This story is not one that "would play well on 'Entertainment Tonight' or make the cover and front pages of People magazine," Bishop Lynch commented. He said that "the solemnity is to be found in [Mary's] incredible faith and trust in the Lord, in her religious belief and practice, and in her trust." The bishop added: "How I long to comfortably possess in my own life those foundational elements of a person of true faith."

5. Current Quotes to Ponder

No Room at the Inn: "Some people fear that loving God diminishes our capacity to love our family and friends. Actually, quite the opposite is true. The greater our love for God, the more it will enhance our love for others. Certainly the life of Mother Teresa [of Calcutta] is a clear indication of this. As you explain to your children that 'there was no room at the inn,' teach them to have compassion for the poor, the sick and the suffering. Teach them that we need to share what we have received. When we do that, we are giving gifts to the Christ Child himself. It might also be an opportunity to tell our children that success is not measured in money, but in goodness and love." (From the 2010 Christmas message of Boston's Cardinal Sean O'Malley)

Success, Christian-style: "Willingness to serve while ready to be disappointed and even hurt is part of what it means to be a follower of Christ. Christmas Day is followed by the feast of St. Stephen, a deacon and the first Christian martyr. As a result of the birth of Jesus, the holy innocents were massacred under the order of King Herod. The wonder and joy of Christmas envelop the helplessness of humanity and also the hope that comes from kindness and compassion." (From the Christmas 2010 message of Bishop Pierre Morissette of Saint-Jerome, Quebec, president of the Canadian Conference of Catholic Bishops)

6. The Incarnation: God Neither Is Distant Nor a Stranger

The message of Christmas is that "God is not distant" and is not a stranger. God "has a face, the face of Jesus," Pope Benedict XVI said in his traditional Christmas Day "Urbi et Orbi" address to the city of Rome and to the world.

This is a recurring point for this pope, a thought punctuating many of his presentations; God's closeness is virtually a theme of this papacy. God is almighty, transcendent, but near at hand -- and love is the reason for God's nearness.

Earlier, at the Midnight Mass for Christmas, the pope's point was similar: With the incarnation, "the infinite distance between God and man is overcome." The pope explained that "God has not only bent down," but truly has "come down"; God "has become one of us in order to draw all of us to himself."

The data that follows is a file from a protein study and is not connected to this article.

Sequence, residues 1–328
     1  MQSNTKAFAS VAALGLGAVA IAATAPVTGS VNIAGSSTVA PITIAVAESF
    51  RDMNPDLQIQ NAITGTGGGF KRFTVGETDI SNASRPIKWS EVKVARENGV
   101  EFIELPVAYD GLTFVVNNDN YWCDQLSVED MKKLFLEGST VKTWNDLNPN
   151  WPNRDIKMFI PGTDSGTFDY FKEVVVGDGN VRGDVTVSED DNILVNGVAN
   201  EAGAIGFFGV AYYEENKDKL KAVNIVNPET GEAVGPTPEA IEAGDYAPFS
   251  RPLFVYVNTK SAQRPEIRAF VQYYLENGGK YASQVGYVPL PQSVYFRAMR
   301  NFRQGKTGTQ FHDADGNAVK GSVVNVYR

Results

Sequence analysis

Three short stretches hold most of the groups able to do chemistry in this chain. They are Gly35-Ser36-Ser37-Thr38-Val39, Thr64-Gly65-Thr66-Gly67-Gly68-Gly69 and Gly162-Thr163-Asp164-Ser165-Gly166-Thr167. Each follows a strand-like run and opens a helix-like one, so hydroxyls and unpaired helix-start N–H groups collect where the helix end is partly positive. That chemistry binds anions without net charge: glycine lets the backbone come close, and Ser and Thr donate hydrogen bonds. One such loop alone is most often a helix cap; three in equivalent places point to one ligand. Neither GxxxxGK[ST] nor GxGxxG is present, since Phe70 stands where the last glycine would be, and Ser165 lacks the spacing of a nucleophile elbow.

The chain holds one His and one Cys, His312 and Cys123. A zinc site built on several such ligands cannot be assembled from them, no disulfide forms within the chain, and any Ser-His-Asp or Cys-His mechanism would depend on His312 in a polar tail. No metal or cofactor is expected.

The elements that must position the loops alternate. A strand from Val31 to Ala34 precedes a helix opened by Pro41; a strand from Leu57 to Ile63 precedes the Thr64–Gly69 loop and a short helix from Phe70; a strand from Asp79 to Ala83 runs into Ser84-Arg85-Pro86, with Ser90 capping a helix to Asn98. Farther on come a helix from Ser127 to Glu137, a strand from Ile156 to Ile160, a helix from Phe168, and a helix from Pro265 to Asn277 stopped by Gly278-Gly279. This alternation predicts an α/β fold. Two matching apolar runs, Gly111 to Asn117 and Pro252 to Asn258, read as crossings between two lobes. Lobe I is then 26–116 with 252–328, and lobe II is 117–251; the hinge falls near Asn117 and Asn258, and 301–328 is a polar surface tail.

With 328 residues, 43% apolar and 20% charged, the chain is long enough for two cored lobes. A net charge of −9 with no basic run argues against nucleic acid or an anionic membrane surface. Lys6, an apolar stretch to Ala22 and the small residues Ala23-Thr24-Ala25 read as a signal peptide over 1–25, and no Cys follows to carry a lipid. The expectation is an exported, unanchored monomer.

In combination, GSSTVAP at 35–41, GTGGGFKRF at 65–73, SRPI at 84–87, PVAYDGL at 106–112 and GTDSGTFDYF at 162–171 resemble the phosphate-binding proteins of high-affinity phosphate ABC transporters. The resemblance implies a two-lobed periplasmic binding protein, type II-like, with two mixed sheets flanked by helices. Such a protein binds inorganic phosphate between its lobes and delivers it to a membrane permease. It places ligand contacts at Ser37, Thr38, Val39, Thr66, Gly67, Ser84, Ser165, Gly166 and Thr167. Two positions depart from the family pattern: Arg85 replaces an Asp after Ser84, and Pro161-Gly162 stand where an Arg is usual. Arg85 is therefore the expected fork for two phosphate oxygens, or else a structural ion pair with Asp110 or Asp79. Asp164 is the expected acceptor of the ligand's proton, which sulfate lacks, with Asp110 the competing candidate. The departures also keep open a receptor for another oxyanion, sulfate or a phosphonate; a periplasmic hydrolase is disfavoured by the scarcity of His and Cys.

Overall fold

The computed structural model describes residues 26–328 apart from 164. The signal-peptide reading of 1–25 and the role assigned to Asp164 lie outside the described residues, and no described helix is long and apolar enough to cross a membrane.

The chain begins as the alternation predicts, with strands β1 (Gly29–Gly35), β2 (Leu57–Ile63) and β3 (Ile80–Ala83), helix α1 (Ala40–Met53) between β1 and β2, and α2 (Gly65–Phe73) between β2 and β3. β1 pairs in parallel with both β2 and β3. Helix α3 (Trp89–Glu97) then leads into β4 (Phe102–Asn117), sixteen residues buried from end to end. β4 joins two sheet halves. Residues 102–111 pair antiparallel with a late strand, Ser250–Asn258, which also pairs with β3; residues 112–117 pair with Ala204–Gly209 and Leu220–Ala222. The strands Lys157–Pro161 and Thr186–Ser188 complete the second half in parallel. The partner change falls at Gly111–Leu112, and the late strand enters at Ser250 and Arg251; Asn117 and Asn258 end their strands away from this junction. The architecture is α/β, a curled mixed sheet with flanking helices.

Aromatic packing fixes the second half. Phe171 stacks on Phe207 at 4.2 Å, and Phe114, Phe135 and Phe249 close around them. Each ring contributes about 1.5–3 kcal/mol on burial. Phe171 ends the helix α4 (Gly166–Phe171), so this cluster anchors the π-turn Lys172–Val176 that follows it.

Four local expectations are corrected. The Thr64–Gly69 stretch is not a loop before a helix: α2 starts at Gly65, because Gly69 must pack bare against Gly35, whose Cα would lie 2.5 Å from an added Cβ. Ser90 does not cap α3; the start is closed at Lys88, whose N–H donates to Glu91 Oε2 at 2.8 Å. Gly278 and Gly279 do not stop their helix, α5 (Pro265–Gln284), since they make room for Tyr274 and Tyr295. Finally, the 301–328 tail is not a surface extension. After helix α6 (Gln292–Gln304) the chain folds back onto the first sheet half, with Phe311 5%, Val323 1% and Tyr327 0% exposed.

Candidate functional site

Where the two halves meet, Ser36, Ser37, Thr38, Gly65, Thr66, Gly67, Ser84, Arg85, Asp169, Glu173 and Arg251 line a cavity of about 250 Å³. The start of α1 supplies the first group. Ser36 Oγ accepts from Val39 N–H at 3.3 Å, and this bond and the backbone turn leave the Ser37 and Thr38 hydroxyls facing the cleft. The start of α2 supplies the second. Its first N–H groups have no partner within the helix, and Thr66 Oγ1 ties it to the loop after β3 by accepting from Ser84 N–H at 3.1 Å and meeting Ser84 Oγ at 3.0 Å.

The reason for God's closeness was underlined by Pope Benedict in his "Urbi et Orbi" message. He said:

"How can the eternal and almighty Word become a frail and mortal man? There is only one answer: love. Those who love desire to share with the beloved, they want to be one with the beloved, and sacred Scripture shows us the great love story of God for his people, which culminated in Jesus Christ."

The mystery of the Word who became flesh "is a mystery of love," the pope said.

Does this imply that God has changed? No, the pope said. "He who created the world is the same one who called Abraham and revealed his name to Moses. God does not change; he is love, ever and always." With the incarnation, "the ordering principle of the universe, the Logos, began to exist in the world, in a certain time and space."

The message of Christmas is understood in faith, yet it also constitutes "a light for all peoples, for the collective journey of humanity," Pope Benedict said in his "Urbi et Orbi" message. The incarnation means that "Emmanuel, God-with-us, has come as king of justice and peace."

God's kingdom "is not of this world, and yet it is more important than all the kingdoms of this world," the pope stated. This kingdom, he said, "is like the leaven of humanity." Lacking this leaven, "the impulse to work together for the common good" would "flag."

Faith in "the God who desired to share in our history constantly encourages us in our own commitment to that history," the pope added. He suggested that the incarnation "is a source of hope for everyone whose dignity is offended and violated, since the one born in Bethlehem came to set every man and woman free from the source of all enslavement."